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When Jen G. Pywell came west, she brought The Ugly Art Room with her.

The Ugly Art Room is a roving curatorial art project that Pywell and friends in Brooklyn started in 2010. The shows were held everywhere from restaurants and coffee shops to the middle of a boxing ring and the landing of an apartment building.

The idea behind it was that art displays could have a physical, conceptual or historical connection with each unique space, instead of just being in the same gallery. It's not that the art is ugly, Pywell said, it's that the room is — and the artwork beautifies the room.

The Ugly Art Room's first show here will be at the Poptart gallery inside the historic Wellsher Building in downtown Corvallis during Thursday's Corvallis ArtsWalk. The display is called the "Paradise" postcard show.

The paradise theme reflects Pywell's move to Oregon from Queens, New York when her husband got a job as an urban forester in the area.

"It really was paradise out here for me," Pywell said.

In some ways, Pywell's journey is not unlike that undertaken by Jacob H. Wellsher and his wife from New York to Iowa to Corvallis in 1852. The Wellsher building was named after their son Theodore, a blacksmith and carriage maker, who also ran a florist shop in the building.

While volunteering at the Corvallis Arts Center, Pywell met local artists Chelsea Foss Van Denend and Gabrielle Hahn, who run Poptart. They decided to share studio space with Pywell, giving The Ugly Art Room a place to make its mid-valley debut.

"Let me do a postcard show," Pywell told her collaborators, "so I can get a lot of them from different people. That would be super fun."

She reached out to local artists and friends in Brooklyn, as well as on Craigslist and art guilds all over the globe for original or print 4-by-6 inch postcards.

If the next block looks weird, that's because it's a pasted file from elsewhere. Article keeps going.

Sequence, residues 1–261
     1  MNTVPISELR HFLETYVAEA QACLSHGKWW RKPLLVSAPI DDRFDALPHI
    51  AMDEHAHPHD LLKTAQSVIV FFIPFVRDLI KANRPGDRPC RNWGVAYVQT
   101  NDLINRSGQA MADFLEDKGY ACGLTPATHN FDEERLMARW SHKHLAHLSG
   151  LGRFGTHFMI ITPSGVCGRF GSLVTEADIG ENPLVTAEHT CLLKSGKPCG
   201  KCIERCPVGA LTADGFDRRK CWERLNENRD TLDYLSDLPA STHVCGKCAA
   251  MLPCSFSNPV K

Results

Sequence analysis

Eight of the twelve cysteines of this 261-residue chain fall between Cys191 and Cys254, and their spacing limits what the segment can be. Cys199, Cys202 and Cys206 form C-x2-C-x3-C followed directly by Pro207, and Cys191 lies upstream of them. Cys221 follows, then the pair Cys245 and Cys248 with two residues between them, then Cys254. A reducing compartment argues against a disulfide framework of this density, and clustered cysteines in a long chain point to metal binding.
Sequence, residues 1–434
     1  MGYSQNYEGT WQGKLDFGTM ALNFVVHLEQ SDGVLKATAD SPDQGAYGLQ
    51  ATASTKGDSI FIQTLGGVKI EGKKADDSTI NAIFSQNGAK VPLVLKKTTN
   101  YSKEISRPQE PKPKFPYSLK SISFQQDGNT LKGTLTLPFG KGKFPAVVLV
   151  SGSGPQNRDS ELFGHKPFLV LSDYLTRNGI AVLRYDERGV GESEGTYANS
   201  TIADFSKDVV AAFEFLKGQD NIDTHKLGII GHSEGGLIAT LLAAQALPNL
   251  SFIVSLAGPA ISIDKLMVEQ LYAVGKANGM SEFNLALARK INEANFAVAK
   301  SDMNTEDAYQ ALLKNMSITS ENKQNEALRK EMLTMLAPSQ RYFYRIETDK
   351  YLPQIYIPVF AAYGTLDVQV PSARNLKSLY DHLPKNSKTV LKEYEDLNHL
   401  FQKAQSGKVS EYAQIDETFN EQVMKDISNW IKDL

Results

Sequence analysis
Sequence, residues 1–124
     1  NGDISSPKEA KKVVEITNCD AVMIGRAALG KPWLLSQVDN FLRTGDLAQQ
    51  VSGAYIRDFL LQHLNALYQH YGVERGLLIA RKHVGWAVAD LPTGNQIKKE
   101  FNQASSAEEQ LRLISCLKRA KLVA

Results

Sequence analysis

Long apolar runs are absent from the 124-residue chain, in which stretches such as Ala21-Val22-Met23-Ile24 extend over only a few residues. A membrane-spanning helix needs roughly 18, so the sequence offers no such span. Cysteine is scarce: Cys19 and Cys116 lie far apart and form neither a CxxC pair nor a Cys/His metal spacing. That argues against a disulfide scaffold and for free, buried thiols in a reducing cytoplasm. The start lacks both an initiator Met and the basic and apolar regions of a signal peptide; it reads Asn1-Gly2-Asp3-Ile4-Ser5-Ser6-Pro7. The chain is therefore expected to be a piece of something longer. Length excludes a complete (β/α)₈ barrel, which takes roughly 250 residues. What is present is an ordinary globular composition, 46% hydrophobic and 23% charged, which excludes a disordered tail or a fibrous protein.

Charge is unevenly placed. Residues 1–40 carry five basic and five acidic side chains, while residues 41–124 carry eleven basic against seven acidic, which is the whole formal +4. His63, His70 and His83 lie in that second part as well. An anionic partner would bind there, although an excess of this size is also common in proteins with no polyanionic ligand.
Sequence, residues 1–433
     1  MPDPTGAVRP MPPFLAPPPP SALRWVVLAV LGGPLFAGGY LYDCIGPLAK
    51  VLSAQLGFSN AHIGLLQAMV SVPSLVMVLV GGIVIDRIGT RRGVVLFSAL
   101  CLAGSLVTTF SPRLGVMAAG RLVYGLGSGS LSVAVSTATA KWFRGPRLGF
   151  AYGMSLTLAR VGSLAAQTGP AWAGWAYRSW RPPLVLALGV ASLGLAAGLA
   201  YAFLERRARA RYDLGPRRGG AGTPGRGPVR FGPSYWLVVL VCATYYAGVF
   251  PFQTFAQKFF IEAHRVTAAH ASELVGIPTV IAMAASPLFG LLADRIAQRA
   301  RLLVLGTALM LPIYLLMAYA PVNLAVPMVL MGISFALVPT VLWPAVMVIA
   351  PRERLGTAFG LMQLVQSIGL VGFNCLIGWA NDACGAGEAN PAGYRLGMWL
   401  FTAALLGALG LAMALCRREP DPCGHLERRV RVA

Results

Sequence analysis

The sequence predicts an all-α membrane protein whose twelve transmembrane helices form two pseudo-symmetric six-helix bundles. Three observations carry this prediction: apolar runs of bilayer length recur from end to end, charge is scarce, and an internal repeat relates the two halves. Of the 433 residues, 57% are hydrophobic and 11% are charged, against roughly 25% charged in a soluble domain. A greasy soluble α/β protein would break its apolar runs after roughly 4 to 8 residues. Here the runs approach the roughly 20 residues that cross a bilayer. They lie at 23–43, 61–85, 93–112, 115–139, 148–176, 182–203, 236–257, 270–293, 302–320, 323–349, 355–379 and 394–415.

The call to artists highlighted the significance of postcards, used by travelers to keep in touch with loved ones. Over time they began to emphasize beauty, landmarks and tourist attractions, not necessarily places and imagery seen or experienced by the traveler. "The perfect place may bring the traveler away from home, but the postcard is a physical object that can contain images and words of paradise sought."

Pywell received submissions from all over the country and internationally. Some entries came from local sources, including Oregon State University art professor Yuji Hiratsuka and Michael Boonstra's Art 101 students. ArtWorks (CEI), an ArtsWalk participant gallery, also had artists contribute.

"When it's all said and done, because we still have some trickling in, it will be over a hundred pieces by seventy-five artists," Pywell said. Pywell categorized the postcards by theme, color and place — and used some other classifications as well. For example, one of the categories includes cards that she called "kitschy."

Pywell said ArtsWalk visitors should enjoy seeing other peoples' ideas of paradise, the various locales from which the postcards were sent and the variety of mediums used. Materials include woodcut prints, pen, ink and pencil drawings, photographs, oil paintings, embroidery and more.

A few artists wrote messages to The Ugly Art Room, Jacob H. Wellsher and loved ones.

Pywell hopes to set up a home base in the Poptart gallery, while continuing Ugly Art Room roving art projects in her paradise.

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